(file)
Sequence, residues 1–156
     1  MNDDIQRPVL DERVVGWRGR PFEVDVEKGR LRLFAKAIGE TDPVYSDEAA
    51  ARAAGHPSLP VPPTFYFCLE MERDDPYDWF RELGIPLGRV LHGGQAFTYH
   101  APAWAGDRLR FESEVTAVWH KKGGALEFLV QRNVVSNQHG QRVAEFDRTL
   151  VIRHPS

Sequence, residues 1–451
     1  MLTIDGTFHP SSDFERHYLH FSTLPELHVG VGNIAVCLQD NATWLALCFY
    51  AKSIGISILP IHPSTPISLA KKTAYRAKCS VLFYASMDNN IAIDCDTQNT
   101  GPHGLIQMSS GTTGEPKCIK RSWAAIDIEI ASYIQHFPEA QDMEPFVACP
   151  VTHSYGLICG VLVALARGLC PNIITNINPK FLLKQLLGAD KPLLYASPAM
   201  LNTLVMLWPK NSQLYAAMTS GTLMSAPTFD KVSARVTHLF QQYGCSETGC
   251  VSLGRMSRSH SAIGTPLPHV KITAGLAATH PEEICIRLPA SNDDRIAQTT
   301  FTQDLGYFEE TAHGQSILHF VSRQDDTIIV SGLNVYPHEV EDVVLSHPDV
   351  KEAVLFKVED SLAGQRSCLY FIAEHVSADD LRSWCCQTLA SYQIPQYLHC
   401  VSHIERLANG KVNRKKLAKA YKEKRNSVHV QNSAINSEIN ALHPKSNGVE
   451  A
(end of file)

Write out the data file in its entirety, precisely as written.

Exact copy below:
Sequence, residues 1–156
     1  MNDDIQRPVL DERVVGWRGR PFEVDVEKGR LRLFAKAIGE TDPVYSDEAA
    51  ARAAGHPSLP VPPTFYFCLE MERDDPYDWF RELGIPLGRV LHGGQAFTYH
   101  APAWAGDRLR FESEVTAVWH KKGGALEFLV QRNVVSNQHG QRVAEFDRTL
   151  VIRHPS

Sequence, residues 1–451
     1  MLTIDGTFHP SSDFERHYLH FSTLPELHVG VGNIAVCLQD NATWLALCFY
    51  AKSIGISILP IHPSTPISLA KKTAYRAKCS VLFYASMDNN IAIDCDTQNT
   101  GPHGLIQMSS GTTGEPKCIK RSWAAIDIEI ASYIQHFPEA QDMEPFVACP
   151  VTHSYGLICG VLVALARGLC PNIITNINPK FLLKQLLGAD KPLLYASPAM
   201  LNTLVMLWPK NSQLYAAMTS GTLMSAPTFD KVSARVTHLF QQYGCSETGC
   251  VSLGRMSRSH SAIGTPLPHV KITAGLAATH PEEICIRLPA SNDDRIAQTT
   301  FTQDLGYFEE TAHGQSILHF VSRQDDTIIV SGLNVYPHEV EDVVLSHPDV
   351  KEAVLFKVED SLAGQRSCLY FIAEHVSADD LRSWCCQTLA SYQIPQYLHC
   401  VSHIERLANG KVNRKKLAKA YKEKRNSVHV QNSAINSEIN ALHPKSNGVE
   451  A